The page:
Real Estate

East meets West

Traditional, contemporary merge in bigger, but more energy-efficient home

When Bill and Kayo Rust first moved to the Blossom Valley neighborhood of Mountain View five years ago, they bought an older two-bedroom, one-bath California rancher, hoping to expand it to meet their growing family needs. Fast forward to now, and they are thrilled to be living in a new four-bedroom, three-and-a-half-bath, contemporary-looking, two-story house that's more than three times the size of the old one, yet surprisingly energy efficient.

Bill Rust is a software engineer with Agilent, and Kayo Rust has worked as a financial analyst with Hewlett-Packard. With two young children, they quickly outgrew the old house that was just over 1,000 square feet.

"We heard it was a kit brought here in pieces like the house across the street," Bill says.

The Rusts originally planned to remodel the 1948 home to add a second story and more light, but as their architect, Howard Post of Portola Valley, explains, "That house had an inadequate foundation and the materials were poor."

The decision became clear: Start over. Post drew up several schematics, but it wasn't until after the clients sent him a picture of a place they liked on 17 Mile Drive, that Post felt he could cut loose. He spent all night designing "a more dramatic solution with volumetric interest."

The end result is what he calls, "a happy marriage of traditional Japanese and contemporary American influences," that converge in an open floor plan downstairs and a bridge upstairs.

The pale-yellow stucco exterior of the house hints at what's to come inside. The 588-square-foot attached garage has a distinctive looking door. It's made of aluminum and Colplay glass panels to match the rest of the aluminum windows, all meant to be maintenance-free.

Hardiplank, a manmade material that looks like wood siding, covers part of the gabled entry. The front door is made from stainless steel with a bamboo glass cut out.

Kayo is from Japan, and wanted a foyer that transitioned between the outdoors and indoors. Post says, based "on traditional Japanese house design, the entry had to be at a different level using a different floor material."

The entry floor is tiled, and the walls are painted lavender. The idea is to stop, take off shoes, then walk up two steps, and go barefoot on the red oak floors in the rest of the house.

The radiant heating system works to keep the floors warm, according to contractor Chris Donatelli of San Jose. He started with Stego Wrap, "a plastic sheet to line the earth and go up the foundation, leaving a six-inch space of concrete." For the subfloor, he used a thick plywood, Warmboard, which has grooves set at least seven inches apart to make room for the aluminum tubes that constantly circulate hot water under the hardwood floors.

Donatelli says the entire house "is a tightly sealed envelope." He used spray foam insulation, and installed fans that run all the time as part of a heat-recovery ventilation system.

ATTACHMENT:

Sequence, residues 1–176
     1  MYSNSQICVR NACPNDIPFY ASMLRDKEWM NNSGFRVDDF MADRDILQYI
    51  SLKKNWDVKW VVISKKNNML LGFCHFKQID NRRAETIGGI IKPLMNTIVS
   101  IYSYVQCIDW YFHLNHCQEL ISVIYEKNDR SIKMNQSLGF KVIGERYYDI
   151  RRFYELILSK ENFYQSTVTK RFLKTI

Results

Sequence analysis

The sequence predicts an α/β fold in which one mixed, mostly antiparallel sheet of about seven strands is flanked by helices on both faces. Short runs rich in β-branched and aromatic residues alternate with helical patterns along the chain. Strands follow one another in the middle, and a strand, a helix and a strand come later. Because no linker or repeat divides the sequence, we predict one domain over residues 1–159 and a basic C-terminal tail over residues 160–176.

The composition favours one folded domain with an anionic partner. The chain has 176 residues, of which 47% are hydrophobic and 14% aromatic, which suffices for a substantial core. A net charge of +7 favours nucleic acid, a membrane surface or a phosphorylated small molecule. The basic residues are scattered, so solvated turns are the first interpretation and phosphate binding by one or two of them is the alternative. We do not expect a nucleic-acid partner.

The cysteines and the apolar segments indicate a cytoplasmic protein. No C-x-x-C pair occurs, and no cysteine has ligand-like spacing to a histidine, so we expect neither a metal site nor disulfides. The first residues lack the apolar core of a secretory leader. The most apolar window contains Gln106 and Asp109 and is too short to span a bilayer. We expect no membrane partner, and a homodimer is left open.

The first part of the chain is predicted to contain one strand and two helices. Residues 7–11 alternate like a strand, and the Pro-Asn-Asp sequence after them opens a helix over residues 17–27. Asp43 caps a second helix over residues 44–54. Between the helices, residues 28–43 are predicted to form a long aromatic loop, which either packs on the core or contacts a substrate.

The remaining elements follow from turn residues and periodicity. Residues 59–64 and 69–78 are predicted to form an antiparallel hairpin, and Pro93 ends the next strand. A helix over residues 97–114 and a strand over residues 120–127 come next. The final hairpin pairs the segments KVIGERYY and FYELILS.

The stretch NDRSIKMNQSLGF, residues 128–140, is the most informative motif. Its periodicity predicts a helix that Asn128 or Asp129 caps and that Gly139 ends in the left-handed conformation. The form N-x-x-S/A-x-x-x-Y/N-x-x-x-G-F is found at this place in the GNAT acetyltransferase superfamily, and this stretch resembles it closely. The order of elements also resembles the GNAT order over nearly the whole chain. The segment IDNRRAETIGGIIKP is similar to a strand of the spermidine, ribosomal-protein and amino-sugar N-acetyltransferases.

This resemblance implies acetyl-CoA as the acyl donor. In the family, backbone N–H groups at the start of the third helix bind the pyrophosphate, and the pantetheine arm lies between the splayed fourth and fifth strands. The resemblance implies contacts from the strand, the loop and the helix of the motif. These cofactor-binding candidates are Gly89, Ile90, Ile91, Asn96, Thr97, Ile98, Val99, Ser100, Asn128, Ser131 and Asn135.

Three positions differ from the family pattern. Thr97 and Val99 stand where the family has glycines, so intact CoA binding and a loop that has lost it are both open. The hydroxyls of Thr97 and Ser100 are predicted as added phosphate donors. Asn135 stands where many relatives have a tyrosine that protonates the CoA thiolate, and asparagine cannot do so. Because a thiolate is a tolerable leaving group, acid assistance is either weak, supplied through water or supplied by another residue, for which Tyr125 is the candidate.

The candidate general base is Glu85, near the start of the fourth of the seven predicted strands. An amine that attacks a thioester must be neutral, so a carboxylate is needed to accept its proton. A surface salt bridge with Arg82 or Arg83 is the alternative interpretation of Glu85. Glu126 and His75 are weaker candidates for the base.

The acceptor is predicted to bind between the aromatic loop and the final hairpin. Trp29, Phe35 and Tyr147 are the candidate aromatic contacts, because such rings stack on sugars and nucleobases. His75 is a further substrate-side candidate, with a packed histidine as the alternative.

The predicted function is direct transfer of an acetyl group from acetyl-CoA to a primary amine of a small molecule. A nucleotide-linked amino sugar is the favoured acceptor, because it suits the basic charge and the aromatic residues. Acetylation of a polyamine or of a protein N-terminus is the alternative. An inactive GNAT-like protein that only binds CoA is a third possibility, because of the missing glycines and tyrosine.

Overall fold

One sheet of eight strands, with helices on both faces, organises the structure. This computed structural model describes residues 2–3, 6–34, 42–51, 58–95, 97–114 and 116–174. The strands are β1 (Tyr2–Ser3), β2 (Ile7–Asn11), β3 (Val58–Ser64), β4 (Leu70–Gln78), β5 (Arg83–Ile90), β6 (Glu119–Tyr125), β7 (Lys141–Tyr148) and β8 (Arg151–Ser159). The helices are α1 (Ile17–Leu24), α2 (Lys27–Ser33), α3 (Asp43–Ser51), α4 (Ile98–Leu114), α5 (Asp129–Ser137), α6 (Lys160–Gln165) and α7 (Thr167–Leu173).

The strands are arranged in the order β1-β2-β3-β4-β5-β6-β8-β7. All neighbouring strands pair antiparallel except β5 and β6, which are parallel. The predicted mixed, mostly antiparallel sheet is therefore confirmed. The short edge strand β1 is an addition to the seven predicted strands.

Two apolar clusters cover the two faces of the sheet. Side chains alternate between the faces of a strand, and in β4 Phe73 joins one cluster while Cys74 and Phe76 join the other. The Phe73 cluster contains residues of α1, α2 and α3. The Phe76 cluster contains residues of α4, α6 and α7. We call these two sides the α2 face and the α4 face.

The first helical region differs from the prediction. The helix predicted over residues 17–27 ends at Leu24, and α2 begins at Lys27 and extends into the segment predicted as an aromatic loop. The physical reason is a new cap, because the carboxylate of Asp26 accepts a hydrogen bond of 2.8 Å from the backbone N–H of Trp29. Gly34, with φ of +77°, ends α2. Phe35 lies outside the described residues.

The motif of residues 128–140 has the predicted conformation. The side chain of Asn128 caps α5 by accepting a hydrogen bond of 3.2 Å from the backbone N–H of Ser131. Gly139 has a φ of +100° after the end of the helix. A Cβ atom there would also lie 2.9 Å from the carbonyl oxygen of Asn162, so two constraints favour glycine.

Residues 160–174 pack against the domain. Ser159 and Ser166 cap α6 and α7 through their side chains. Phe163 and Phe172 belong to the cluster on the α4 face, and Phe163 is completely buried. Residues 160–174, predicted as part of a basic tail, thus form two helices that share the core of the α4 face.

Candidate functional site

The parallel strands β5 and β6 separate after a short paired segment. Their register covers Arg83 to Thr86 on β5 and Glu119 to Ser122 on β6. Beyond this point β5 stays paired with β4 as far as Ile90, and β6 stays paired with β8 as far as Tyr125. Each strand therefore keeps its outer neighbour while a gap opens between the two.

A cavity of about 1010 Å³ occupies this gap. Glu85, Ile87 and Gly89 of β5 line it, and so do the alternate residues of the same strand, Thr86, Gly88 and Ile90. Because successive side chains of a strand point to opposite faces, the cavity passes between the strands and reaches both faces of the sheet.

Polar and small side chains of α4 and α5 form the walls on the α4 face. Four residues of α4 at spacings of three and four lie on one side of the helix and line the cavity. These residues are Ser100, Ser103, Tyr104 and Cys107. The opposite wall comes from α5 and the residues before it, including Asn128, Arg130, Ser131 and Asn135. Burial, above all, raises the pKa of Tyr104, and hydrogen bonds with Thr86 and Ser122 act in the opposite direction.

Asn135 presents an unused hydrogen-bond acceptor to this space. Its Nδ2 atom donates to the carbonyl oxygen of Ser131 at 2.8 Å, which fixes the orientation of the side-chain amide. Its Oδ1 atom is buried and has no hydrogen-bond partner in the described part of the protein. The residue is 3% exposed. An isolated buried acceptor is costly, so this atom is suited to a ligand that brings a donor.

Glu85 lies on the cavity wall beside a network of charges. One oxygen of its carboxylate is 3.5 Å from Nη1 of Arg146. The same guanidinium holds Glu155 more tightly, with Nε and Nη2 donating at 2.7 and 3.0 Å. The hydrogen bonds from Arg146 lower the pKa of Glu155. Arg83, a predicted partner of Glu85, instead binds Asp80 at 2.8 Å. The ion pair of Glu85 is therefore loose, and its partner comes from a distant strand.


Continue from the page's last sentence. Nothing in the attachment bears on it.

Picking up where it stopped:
"We have eight thermostats in the house so we can balance the temperature in each part," Bill says.

Overall, the house looks cool, however, with light grey or white walls, lightly stained wooden cabinets, darker stained Douglas fir doors, some fitted with frosted glass and some not. Then there's the focal point, a 16-foot by 4-foot steel, aluminum and glass-floored bridge that dominates the space above.

In the center of the house, the ceiling extends all the way up to the roofline. The bridge acts as a see-through hall connecting the master-bedroom suite on one wing to the kids' bedrooms and shared bathroom on the other end. The bridge has wire cables on the sides, which are currently covered with acrylic panels to make the structure more childproof.

Two triple-paned skylights bring in lots of light, as do the six square windows that are mounted above the bridge on the walls facing south and north.

Directly beneath the bridge is a line of custom-built maple cabinets that separate the living room from the family room and provide lots of toy storage. The cabinets form a half wall, and in the middle is a large-screen TV that can be lowered, raised and swiveled by remote control.

That common area spills into the rest of the rooms on the first floor: the kitchen, dining room, half-bath, laundry room and guest room suite. The kitchen continues the wood theme, with more cabinetry with special pullouts to accommodate bulky items such as a rice cooker and bread maker. Like the counters, the island is topped with an off-white CaesarStone, but it is curved on one side to make the set-up more conversational.

Upstairs, the kids' bathroom is lined with a taupe-colored Fontainebleau limestone in the shower and tub areas, and then a glass door and wall enclose that part to keep the steam inside. In keeping with Japanese tradition, Kayo had a shower put in next to a deep tub because she says, "Before taking a bath we wash ourselves, then use the same water in the soaking tub."

Kayo says she wanted a house that was full of light, "not so ornamental", and easy to clean. Now that the family has lived in this new home for a couple of years, she is happy to report it is simple to maintain, and "we don't use the lights during the day."

Bill is particularly pleased their monthly PG&E bill came to just $48.


Architect: Howard Bankston Post, Portola Valley, 650-328-6963

Building contractor: Chris Donatelli, Chris Donatelli Builders San Jose, 408-287-4886,

Landscape designer: Jim Aguirre, Aguirre & Associates Landscape, Santa Clara, 408-733-1080

Goal of project:

Build an economical family home

Unanticipated issues:

Noise carries in an open floor plan

Year house built:


Size of home, lot:

2,850-sq-ft house on 11,200-sq-ft lot

Time to complete:

One year


$325/sq ft

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